PLATTSMOUTH – A grand jury has recommended Cass County Sheriff’s Office personnel receive additional training after an inmate at Cass County Jail died earlier this year.
Sixteen grand jury members convened in Cass County District Court Aug. 21-22 for an investigation into the death of Murdock resident Dustyn Gandara. He was being held in Cass County Jail when he died in February. Nebraska law requires a grand jury to be impaneled anytime there is a death of an inmate being held in state custody.
Cass County authorities arrested Gandara, 40, in November 2018 after his pickup struck the Hilltop Fill Stop convenience store on Highway 50. He pled guilty to a charge of driving under the influence of alcohol in Cass County Court on Feb. 6. He was ordered to pay a $500 fine and serve a term of 30 days in jail.
The grand jury ruled unanimously that Gandara died Feb. 9 of natural causes due to complications of chronic alcoholism. They examined evidence that indicated Gandara was suffering from a condition known as refeeding syndrome. His body was unable to reintroduce regular nutrition appropriately due to chronic alcoholism.
The grand jury found there were no offenses from authorities that would violate state law regarding Gandara’s death.
The grand jury’s investigation revealed Gandara had been hospitalized for medical complications due to alcoholism on Dec. 1, 2018. He refused placement in an addiction treatment center on Dec. 3 and said he would follow up with his primary care physician.
Grand jury members learned that jail staff noted the odor of alcohol on Gandara’s breath shortly after he was sentenced on the morning of Feb. 8. Staff members placed him in a cell in the booking area of the jail on a 30-minute watch. A nurse evaluated Gandara at the jail and recommended he remain on a 30-minute watch.
Jail staff asked Gandara to move to a maximum-security cell outside of the booking area at 2:13 a.m. on Feb. 9. This request was made to temporarily allow another inmate to be placed in the booking area.
He remained in the maximum-security cell until approximately 1:45 p.m. He then returned back to a cell in the booking area after jail staff asked him to do so. Jail staff checked on Gandara at 9 p.m. and noted he appeared to be sleeping.
“The grand jury finds staff did their due diligence at that time and did not observe anything out of the ordinary,” the report said.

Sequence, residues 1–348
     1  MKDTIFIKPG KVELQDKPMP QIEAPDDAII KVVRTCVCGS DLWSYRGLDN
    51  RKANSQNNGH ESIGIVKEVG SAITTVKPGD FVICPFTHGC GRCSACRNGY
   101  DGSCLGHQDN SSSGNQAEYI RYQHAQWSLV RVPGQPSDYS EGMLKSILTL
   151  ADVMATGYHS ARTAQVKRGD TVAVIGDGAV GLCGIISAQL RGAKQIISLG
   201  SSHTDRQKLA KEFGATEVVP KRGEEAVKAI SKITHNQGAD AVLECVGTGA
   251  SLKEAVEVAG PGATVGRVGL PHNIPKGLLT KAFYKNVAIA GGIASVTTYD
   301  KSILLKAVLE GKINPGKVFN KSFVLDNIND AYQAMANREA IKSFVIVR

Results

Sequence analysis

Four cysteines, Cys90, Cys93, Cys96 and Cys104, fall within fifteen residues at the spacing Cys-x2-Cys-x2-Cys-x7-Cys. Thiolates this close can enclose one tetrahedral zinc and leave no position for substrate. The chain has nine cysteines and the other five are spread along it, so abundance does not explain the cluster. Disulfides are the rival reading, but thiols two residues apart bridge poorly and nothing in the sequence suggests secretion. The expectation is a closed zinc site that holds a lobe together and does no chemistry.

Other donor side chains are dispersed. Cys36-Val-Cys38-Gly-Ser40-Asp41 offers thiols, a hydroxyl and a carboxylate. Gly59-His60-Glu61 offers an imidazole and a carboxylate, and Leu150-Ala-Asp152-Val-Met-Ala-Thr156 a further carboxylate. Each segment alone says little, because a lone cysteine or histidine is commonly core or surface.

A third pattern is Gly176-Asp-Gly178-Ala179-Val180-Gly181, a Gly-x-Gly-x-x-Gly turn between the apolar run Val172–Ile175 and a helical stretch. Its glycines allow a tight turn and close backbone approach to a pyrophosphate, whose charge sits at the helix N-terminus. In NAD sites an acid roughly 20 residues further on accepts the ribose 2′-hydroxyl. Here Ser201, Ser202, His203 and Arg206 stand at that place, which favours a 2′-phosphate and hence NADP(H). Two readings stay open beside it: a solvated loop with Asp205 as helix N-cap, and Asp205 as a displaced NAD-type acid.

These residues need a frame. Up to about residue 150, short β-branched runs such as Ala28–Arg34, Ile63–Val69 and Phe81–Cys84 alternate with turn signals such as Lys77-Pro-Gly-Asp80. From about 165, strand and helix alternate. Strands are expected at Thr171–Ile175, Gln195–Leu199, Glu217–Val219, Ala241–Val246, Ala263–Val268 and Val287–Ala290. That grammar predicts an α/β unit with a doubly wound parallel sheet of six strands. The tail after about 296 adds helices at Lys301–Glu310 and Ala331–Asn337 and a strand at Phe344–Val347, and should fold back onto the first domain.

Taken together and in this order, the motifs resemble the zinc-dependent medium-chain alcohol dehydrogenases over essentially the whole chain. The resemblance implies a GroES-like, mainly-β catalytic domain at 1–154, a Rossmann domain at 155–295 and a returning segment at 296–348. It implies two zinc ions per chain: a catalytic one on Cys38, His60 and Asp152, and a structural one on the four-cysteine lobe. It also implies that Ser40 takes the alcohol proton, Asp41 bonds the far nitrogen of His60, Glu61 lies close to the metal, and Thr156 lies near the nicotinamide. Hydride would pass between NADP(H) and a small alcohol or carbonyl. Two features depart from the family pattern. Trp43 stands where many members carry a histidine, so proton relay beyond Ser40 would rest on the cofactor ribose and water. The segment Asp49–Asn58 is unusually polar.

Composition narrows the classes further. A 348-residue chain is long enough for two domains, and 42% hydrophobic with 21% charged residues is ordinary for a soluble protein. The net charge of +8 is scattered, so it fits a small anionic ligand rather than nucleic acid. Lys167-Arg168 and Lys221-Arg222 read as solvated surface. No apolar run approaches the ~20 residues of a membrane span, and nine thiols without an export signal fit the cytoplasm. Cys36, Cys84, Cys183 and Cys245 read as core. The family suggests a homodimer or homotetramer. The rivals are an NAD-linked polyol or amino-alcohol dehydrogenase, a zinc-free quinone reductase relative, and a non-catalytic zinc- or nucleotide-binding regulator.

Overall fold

Staff looked at Gandara again in his cell at 9:11 p.m. and became concerned that he had not moved. He did not respond when they tried to talk to him. Staff then opened the cell door and made physical attempts to get him to respond.
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Jail staff requested emergency medical service personnel to come to the jail after they checked Gandara’s pulse and did not detect any movement. Staff began to perform CPR and continued until rescue squads arrived at 9:19 p.m. Rescue squads continued to perform lifesaving efforts until Gandara was declared deceased at 9:45 p.m.
Grand jury members said their investigation revealed that there were several checks required by jail policy that were missed by staff during Gandara’s incarceration. They said he should have been placed under a 15-minute watch instead of a 30-minute watch due to his intoxication. The 15-minute timeframe is included in Policy J-05.
Grand jury members determined the less-frequent checks did not contribute to Gandara’s death. They said he had been checked 11 minutes prior to being found unresponsive, which was within the 15-minute timeframe of Policy J-05.
The grand jury made five recommendations for Cass County Sheriff’s Office staff to follow in the future:
* The grand jury recommended CCSO staff be given further training regarding inmate watch and/or check policies in order to ensure knowledge of the policies and strict adherence to them.
* The grand jury recommended CCSO policy be clarified in order to ensure which staff members are responsible for each watch and/or check.
* The grand jury recommended CCSO policies be amended to allow supervisors to reassess the necessity of a watch and/or check every 24 hours.
* The grand jury recommended CCSO staff receive further CPR training and/or updates at least once per year.
* The grand jury recommended CCSO staff conduct practice drills to promote preparedness and a quick response time in the event of a medical emergency.
Grand jury members spent time both Aug. 21 and 22 listening to witness testimony and reviewing evidence. This included pathology and toxicology test results from experts. The grand jury made its ruling on a 16-0 vote. Members were discharged from further duty Aug. 22 after rendering their verdict.